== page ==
7 Wild 'Game of Thrones' Fan Theories That Probably Seemed So Smart at the Time
In the meantime, fans have spent countless hours generating elaborate and well-thought out theories about the future of Westeros and of Jon Snow, Daenerys Targaryen, Tyrion Lannister and the other 25,000 protagonists that have survived the bloodbath until now.
These are not those theories. These are the ones you've probably never thought of, either because they're too far-fetched, silly or outright wrong.
1. Roose Bolton is an ancient, immortal skin-changer.
Roose Bolton is a terribly unsettling figure whose reign over the much-feared Dreadfort has been rife with whispers and speculation — most notably that his clan never really gave up its long-held practice of flaying its enemies and saving the skins as grisly trophies. Some even say they wear the skins as cloaks.
After all, the flayed man remains their house banner:
In the books, observers tend to remark that Bolton has an extraordinarily youthful appearance, while much has been made of Roose's more curious habits, such as bloodletting with leeches. It's also curious that no other members of House Bolton have been seen aside from Roose's bastard Ramsay and the only occasionally mentioned true-born son Domeric (who Roose admits Ramsay probably killed to become Roose's heir).
All these factors have led to one sinister fan theory: Perhaps Bolton isn't a man at all. Perhaps Bolton is actually an immortal skin-changer who every four or five decades murders and flays his sons, wearing their skins like a Faceless Man to avoid detection. Roose keeps Ramsay around only for the opportunity to cut him open and assume his identity.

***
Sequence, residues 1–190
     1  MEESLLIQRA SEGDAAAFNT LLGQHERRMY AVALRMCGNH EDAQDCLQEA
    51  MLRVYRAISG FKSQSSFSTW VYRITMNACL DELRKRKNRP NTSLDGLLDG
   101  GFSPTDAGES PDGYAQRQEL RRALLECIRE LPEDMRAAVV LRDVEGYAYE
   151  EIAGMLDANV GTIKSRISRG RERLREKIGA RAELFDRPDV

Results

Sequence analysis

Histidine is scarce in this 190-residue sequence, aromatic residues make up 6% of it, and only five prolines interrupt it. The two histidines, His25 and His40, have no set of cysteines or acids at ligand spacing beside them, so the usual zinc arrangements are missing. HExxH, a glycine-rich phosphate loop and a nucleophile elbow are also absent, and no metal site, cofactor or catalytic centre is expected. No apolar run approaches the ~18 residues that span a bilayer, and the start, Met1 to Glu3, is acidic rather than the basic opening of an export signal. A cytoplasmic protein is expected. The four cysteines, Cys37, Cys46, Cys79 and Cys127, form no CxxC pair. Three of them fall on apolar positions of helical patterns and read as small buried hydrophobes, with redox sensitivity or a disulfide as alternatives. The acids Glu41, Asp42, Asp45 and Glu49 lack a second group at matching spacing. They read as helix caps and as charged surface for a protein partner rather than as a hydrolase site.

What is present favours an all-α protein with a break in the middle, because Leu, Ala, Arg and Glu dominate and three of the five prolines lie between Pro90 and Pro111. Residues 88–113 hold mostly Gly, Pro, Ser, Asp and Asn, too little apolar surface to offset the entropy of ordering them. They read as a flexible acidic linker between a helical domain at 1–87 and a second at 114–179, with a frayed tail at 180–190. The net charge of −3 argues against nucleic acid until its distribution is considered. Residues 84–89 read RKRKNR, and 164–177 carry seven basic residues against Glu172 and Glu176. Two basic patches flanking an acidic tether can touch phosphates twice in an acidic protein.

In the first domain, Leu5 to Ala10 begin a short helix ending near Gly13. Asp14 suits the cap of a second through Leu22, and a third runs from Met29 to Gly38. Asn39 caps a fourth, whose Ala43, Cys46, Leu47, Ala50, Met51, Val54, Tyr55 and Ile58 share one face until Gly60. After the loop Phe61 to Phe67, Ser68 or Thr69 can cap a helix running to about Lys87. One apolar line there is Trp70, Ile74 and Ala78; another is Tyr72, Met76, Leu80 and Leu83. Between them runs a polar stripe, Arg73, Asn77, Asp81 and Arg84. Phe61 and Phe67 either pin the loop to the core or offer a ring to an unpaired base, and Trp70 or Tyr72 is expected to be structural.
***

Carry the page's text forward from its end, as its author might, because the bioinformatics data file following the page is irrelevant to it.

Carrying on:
This would also explain Roose's "a peaceful land, a quiet people" theory of leadership, the better to hide his true nature. Finally, the theory would fit Roose's practice of jus primae noctis, because he needs a ready supply of potential skins to slip into at any time.
It's also probably too far-fetched. Most fans generally dismiss this theory and jokingly refer to it as "Bolt-On."
2. Meera Reed and Jon Snow are twins.
One of the longest-running theories of Jon Snow's parentage is that he is not actually Ned Stark's bastard, but the illicit child of Stark's sister, Lyanna, and Rhaegar Targaryen. As the theory goes, Snow was rescued from the Tower of Joy at the end of the rebellion against the Targaryen dynasty that brought Robert Baratheon to power.
The Meera Reed connection stems from the fact that when Ned went to the Tower of Joy at the end of the war to rescue Lyanna, Meera's father, Howland Reed, accompanied him. The small battle that ensued claimed the lives of everyone but Stark and Reed, and Lyanna was found close to death inside the tower. Most fans believe Lyanna was dying of complications from childbirth, and the baby was Jon Snow, who is thus actually a Targaryen.